Thomas Crowther is a Yale Climate & Energy Institute postdoctoral fellow at the Yale School of Forestry & Environmental Studies (F&ES) and led a study and census of the world's trees (2015). The study determined there are 3 trillion trees on Earth; however, the study also estimates we are losing 10 billion trees per year.
“Trees are among the most prominent and critical organisms on Earth, yet we are only recently beginning to comprehend their global extent and distribution,” said Crowther. “They store huge amounts of carbon, are essential for the cycling of nutrients, for water and air quality, and for countless human services,” he added. “Yet you ask people to estimate, within an order of magnitude, how many trees there are and they don’t know where to begin. I don’t know what I would have guessed, but I was certainly surprised to find that we were talking about trillions.”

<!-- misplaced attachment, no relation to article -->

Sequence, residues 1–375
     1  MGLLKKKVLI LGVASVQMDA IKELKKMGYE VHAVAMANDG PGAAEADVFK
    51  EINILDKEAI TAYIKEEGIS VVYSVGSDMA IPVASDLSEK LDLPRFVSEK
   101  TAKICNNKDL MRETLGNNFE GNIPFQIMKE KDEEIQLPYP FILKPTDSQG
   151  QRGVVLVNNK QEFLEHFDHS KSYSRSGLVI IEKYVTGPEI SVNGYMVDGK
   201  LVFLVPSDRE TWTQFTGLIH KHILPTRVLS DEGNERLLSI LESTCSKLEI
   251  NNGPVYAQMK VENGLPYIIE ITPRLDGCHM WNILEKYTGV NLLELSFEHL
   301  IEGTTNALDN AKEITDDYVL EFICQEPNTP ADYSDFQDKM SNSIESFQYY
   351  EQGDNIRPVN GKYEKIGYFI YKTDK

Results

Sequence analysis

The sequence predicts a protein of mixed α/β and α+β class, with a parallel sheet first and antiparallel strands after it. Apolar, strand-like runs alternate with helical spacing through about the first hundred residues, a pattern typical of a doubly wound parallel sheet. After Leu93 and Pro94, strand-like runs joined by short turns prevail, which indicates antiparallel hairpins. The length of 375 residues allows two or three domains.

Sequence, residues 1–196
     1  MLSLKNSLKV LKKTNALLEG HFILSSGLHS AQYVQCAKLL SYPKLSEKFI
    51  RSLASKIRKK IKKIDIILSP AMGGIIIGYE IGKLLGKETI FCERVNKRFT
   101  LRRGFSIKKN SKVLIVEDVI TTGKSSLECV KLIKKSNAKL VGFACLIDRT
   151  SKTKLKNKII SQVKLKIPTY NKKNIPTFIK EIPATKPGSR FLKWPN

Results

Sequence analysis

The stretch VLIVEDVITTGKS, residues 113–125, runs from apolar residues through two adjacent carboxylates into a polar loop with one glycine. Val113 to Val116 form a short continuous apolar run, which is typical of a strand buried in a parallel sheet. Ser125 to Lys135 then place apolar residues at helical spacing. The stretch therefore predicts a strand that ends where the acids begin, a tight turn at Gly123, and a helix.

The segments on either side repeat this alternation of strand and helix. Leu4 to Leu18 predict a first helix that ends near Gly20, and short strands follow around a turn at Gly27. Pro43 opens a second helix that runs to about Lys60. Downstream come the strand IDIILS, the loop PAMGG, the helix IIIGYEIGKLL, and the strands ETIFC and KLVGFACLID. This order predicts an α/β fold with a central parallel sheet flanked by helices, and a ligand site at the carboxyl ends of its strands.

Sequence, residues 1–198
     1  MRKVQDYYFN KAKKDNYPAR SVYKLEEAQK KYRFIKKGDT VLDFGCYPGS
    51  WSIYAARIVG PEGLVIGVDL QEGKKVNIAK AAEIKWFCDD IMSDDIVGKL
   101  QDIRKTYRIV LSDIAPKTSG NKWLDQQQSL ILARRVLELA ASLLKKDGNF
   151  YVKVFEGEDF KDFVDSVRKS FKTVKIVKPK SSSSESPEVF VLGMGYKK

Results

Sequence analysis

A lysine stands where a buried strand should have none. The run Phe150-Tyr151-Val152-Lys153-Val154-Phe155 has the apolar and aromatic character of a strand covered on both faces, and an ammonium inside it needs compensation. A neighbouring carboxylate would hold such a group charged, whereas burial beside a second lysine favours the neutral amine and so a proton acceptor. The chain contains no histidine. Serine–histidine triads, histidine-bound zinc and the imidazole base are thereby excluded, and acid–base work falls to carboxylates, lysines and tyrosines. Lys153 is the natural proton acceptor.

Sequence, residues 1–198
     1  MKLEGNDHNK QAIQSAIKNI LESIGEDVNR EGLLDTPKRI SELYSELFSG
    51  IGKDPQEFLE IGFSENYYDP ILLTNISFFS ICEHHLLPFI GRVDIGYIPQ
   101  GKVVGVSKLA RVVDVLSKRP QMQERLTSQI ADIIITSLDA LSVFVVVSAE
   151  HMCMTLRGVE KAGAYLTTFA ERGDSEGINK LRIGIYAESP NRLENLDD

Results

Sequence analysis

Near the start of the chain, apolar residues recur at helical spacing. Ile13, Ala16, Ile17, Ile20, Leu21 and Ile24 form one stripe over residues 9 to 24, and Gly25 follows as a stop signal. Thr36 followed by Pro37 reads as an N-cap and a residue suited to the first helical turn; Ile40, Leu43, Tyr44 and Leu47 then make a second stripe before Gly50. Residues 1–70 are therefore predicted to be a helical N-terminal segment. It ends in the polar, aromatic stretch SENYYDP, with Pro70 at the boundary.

In fact, human activity is the largest driver of tree numbers worldwide, said Crowther. While the negative impact of human activity on natural ecosystems is clearly visible in small areas, the study provides a new measure of the scale of anthropogenic effects, highlighting how historical land use decisions have shaped natural ecosystems on a global scale. In short, tree densities usually plummet as the human population increases. Deforestation, land-use change, and forest management are responsible for a gross loss of over 15 billion trees each year.
“We’ve nearly halved the number of trees on the planet, and we’ve seen the impacts on climate and human health as a result,” Crowther said. “This study highlights how much more effort is needed if we are to restore healthy forests worldwide.”